The firm was referring to stories in the national press, which claim more than £250m worth of investments in tax avoidance schemes were made by football stars, sparking an investigation by HMRC.
Hargreaves Lansdown says anyone who has taken advantage of the schemes may end up repaying 70% of their original investment, in addition to interest and fines.
It means they are likely to repay close to what they put into the scheme.
Sarah Coles, personal finance analyst, Hargreaves Lansdown said: “Over the years HMRC and tax scheme designers have been playing something of an end-to-end game, as the tax rules leave an open goal, so tax scheme designers put in 110% effort to take a shot at tax avoidance.
“HMRC realises its schoolboy defending is losing it millions of pounds, so it closes down the opposition, tackles the scheme, and equalises.”
“In this instance the tax avoidance scheme cashed in on tax breaks for films.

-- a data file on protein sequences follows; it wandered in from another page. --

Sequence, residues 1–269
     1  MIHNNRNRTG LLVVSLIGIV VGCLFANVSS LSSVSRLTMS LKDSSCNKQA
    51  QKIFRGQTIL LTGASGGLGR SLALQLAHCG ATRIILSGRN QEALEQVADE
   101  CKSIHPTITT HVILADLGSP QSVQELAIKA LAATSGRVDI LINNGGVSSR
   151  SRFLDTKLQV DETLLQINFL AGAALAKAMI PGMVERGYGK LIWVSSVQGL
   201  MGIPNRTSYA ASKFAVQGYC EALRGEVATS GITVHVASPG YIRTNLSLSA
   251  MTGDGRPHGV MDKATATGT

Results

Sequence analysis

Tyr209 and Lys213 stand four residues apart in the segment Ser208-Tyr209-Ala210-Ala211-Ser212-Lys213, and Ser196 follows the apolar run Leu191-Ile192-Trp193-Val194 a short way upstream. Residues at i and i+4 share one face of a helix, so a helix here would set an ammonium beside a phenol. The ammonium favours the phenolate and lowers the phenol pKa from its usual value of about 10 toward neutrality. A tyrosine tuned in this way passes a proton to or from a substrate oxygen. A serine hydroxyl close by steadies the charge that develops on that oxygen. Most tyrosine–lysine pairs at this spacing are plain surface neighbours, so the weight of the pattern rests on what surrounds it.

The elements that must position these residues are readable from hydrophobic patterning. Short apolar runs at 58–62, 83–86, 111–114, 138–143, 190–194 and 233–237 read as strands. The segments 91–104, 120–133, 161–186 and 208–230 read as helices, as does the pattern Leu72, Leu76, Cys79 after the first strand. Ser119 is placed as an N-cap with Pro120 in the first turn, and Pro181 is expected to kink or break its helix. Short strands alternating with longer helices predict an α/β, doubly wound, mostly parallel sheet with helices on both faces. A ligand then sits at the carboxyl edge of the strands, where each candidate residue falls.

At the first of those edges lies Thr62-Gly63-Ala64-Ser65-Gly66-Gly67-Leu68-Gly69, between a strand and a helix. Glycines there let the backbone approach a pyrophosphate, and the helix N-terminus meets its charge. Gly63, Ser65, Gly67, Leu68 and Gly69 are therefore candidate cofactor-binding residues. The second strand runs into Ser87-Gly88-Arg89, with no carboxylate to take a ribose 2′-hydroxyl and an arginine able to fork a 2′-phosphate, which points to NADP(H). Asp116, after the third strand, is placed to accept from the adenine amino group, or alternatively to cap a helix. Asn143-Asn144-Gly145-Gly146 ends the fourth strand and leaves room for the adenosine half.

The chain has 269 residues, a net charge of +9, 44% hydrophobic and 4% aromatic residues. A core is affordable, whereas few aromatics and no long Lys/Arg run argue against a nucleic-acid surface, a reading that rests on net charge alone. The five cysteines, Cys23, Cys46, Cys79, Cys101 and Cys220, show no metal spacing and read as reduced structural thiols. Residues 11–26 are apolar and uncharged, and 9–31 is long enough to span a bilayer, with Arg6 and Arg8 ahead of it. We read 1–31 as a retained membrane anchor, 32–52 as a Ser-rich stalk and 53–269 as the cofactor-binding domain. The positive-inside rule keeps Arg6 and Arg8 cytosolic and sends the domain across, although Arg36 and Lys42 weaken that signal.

“HMRC removed the tax advantages, and challenged film schemes it deemed were set up specifically to avoid tax. It’s part of enhanced anti-avoidance activities in recent years, which between 2010 and autumn 2017 have brought in an estimated £160 billion in tax.
“Those who tried to take advantage now face paying the tax, interest and fines.”
She added: “However, you don’t have to bend the rules to avoid paying tax.
“You just have to stick to tried and tested blue chip planning, and take advantage of rules that have been set up specifically to enable you to save money.
“As any footballer knows, play a clean game and you don’t have to worry about facing penalties.”
A spokeswoman for HMRC told Financial Planning Today: “Tax avoidance doesn’t pay. Most schemes simply don’t work – and people can end up paying more than they were trying to avoid in their misguided attempts to save money.”
Hargreaves Lansdowne highlighted a number of other ways to save money on tax, without falling foul of HMRC, including ISAs, SIPPs, participating in company shares schemes and using various allowances.